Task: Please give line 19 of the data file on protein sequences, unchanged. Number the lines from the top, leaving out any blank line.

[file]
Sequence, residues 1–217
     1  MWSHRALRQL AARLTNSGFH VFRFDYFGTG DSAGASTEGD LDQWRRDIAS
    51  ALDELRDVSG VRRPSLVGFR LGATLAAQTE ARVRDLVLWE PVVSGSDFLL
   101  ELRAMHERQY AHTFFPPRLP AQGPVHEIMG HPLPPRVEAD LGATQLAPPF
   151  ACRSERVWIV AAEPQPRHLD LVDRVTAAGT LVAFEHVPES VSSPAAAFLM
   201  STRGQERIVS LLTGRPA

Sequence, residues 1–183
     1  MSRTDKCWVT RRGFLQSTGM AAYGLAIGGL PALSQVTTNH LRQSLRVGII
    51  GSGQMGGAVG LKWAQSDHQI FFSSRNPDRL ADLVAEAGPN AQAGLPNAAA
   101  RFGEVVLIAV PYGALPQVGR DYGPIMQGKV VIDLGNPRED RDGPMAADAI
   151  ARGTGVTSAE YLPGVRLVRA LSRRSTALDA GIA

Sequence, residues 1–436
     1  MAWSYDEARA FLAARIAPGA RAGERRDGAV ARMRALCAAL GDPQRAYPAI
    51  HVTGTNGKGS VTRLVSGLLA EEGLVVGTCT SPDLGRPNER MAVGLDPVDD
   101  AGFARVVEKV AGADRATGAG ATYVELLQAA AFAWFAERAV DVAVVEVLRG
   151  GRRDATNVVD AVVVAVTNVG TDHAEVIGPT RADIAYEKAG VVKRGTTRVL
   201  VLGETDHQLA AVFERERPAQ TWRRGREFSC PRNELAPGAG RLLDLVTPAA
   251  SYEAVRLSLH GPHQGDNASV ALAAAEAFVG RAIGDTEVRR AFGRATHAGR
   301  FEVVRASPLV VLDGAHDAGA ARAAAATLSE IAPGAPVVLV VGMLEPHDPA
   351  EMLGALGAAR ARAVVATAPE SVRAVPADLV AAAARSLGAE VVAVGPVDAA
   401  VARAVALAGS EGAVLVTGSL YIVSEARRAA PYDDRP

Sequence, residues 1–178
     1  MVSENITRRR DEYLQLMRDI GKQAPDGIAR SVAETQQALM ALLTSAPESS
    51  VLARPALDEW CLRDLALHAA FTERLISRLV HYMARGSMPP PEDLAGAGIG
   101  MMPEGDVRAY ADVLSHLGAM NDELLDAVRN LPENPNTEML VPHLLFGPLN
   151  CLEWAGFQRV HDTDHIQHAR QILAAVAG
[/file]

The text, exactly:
   301  FEVVRASPLV VLDGAHDAGA ARAAAATLSE IAPGAPVVLV VGMLEPHDPA